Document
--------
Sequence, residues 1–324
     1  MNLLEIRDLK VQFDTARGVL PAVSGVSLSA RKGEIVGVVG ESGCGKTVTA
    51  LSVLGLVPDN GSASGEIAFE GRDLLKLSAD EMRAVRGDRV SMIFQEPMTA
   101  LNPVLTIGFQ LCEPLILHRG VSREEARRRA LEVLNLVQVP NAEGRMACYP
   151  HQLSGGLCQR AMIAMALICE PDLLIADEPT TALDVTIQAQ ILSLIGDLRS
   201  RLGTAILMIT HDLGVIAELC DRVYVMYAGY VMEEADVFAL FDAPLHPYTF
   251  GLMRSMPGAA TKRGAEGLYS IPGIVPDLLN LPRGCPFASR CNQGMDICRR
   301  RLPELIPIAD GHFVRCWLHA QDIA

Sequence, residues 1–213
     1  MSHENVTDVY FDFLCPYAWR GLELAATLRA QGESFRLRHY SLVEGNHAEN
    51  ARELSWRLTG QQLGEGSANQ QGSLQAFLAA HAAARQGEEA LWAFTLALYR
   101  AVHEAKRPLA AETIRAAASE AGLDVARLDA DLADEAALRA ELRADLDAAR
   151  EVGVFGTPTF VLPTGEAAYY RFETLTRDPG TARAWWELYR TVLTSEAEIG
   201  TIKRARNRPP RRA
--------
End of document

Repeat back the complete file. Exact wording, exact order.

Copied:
Sequence, residues 1–324
     1  MNLLEIRDLK VQFDTARGVL PAVSGVSLSA RKGEIVGVVG ESGCGKTVTA
    51  LSVLGLVPDN GSASGEIAFE GRDLLKLSAD EMRAVRGDRV SMIFQEPMTA
   101  LNPVLTIGFQ LCEPLILHRG VSREEARRRA LEVLNLVQVP NAEGRMACYP
   151  HQLSGGLCQR AMIAMALICE PDLLIADEPT TALDVTIQAQ ILSLIGDLRS
   201  RLGTAILMIT HDLGVIAELC DRVYVMYAGY VMEEADVFAL FDAPLHPYTF
   251  GLMRSMPGAA TKRGAEGLYS IPGIVPDLLN LPRGCPFASR CNQGMDICRR
   301  RLPELIPIAD GHFVRCWLHA QDIA

Sequence, residues 1–213
     1  MSHENVTDVY FDFLCPYAWR GLELAATLRA QGESFRLRHY SLVEGNHAEN
    51  ARELSWRLTG QQLGEGSANQ QGSLQAFLAA HAAARQGEEA LWAFTLALYR
   101  AVHEAKRPLA AETIRAAASE AGLDVARLDA DLADEAALRA ELRADLDAAR
   151  EVGVFGTPTF VLPTGEAAYY RFETLTRDPG TARAWWELYR TVLTSEAEIG
   201  TIKRARNRPP RRA